= is both used to declare a variable, and to modify the value of an existing variable.

    Because assignment operators group right to left, it is possible ( though not very readable) to state

    a = 4 + b = 7;

    which is equivalent to

    b = 7;a = 4 + b;

    All other assignment operators are of the type "ue and assign". They are all written as the operator to be used

    immediately followed by an = followed by the second operand. The result is that the operator is applied to

    both operands and the result is stored in the left hand operand, which must be a variable. Take for example

    the "added by" +=.

    a = 3;a += 4;

    results in a having a value of 7.

    As these operators evaluate right to left, it is possible to write

    a = 3;b = 4;a += b += 5;

    Which is equivalent to

    a = 3;b = 4;b += 5;a += b;

    The following use and assign operators exist

    *= /= %= += -= = >>>= &= ^= |=

    The left hand side operand of an assignment operator can be a subscription. So it is valid to writes = "abc";s[1] = 'x'; // s now contains "axc"s[0]++; // now s is "bxc";r = [2, 3, 5, 7, 9];r[1] += 5; Ternary operators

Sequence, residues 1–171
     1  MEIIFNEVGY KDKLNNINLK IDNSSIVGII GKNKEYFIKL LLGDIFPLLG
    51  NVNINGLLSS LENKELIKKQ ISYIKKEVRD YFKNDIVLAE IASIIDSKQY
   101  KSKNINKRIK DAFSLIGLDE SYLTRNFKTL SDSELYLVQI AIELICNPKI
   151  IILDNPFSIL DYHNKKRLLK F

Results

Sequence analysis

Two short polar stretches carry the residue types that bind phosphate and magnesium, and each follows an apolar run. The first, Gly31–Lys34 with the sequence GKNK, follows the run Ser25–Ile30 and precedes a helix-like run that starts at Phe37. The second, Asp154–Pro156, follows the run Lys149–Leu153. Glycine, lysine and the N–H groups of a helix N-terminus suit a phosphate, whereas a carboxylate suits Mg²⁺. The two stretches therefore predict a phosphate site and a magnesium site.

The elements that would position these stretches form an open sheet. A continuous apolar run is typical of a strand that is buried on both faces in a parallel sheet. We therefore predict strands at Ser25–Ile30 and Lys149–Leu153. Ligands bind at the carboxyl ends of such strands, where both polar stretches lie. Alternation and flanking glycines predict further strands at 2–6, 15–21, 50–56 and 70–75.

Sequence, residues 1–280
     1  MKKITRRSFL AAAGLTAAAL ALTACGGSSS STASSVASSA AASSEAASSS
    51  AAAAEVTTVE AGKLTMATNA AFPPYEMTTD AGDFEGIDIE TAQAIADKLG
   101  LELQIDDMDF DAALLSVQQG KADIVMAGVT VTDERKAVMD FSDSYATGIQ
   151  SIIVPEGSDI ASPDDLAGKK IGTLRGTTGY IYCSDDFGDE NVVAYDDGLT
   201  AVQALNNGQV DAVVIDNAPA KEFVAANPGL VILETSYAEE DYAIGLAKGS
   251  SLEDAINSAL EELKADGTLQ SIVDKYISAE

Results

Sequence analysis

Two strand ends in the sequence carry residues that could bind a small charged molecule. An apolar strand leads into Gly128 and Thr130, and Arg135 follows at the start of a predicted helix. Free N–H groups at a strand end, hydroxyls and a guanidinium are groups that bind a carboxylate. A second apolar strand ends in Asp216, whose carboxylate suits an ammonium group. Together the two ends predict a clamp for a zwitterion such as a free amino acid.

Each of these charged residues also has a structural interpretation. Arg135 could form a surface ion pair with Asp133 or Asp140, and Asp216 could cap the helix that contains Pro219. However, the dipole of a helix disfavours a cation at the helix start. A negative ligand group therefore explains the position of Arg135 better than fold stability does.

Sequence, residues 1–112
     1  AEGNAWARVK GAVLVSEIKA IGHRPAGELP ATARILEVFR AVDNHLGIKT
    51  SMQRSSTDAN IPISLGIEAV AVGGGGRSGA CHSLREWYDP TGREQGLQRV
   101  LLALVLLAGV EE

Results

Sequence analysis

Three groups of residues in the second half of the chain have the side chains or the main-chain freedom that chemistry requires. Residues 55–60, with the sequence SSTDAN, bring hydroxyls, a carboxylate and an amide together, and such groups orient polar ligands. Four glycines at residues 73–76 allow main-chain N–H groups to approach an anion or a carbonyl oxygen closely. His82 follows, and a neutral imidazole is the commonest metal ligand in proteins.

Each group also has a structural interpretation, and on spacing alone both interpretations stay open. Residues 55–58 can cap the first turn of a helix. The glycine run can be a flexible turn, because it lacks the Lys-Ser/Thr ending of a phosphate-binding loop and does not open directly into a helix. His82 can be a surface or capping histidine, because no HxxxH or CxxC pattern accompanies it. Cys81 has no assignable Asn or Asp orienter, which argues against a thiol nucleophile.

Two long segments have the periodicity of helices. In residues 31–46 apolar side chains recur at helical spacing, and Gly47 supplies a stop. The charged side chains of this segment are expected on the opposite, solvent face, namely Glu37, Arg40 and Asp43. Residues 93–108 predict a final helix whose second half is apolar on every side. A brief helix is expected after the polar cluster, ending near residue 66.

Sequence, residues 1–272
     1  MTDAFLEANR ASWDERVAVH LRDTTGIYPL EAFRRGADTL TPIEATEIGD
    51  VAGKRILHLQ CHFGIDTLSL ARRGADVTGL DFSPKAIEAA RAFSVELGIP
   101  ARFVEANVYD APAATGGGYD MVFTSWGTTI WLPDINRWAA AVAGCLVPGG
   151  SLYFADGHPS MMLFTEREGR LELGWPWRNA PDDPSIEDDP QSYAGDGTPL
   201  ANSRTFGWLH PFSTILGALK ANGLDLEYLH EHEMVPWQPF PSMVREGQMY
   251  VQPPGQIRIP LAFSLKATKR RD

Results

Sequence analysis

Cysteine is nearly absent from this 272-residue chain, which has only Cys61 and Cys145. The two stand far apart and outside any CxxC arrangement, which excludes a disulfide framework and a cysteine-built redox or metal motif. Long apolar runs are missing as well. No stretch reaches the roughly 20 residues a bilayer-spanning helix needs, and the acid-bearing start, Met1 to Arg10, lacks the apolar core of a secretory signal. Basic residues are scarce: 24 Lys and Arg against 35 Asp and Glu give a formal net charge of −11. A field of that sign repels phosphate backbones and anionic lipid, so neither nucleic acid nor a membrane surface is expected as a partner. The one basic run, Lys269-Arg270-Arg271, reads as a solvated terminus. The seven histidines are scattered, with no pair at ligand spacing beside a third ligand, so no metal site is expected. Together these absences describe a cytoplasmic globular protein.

There is one ternary operator. This functions as an in line if statement, The operator looks like

    condition ? truevalue : falsevalue

    Condition can be integer of oat. truevalue and falsevalue can be any type, and need not even be of the

    same type. As the precedence of the ? : operator is very low (just above the level of assignment operators)

    you will often need brackets to obtain the desired result. For example to match the singular or plural to

    count you could write

    "I have " + count + (count == 1 ? " egg" : " eggs")


    "I have " + count + " egg" + (count == 1 ? "" : "s");

    But if you forget the brackets, the result is the string "s", because this groups as

    (("I have " + count + "egg" + count) == 1) ? "" : "s";

    2.9.6. Statements

    Statements are the sentences of DTC. Most statements in DTC end with a semicolon.

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    39 Simple statements

    The simplest statement that DTC knows is the "empty statement"


    It does absolutely nothing (which is sometimes what you want).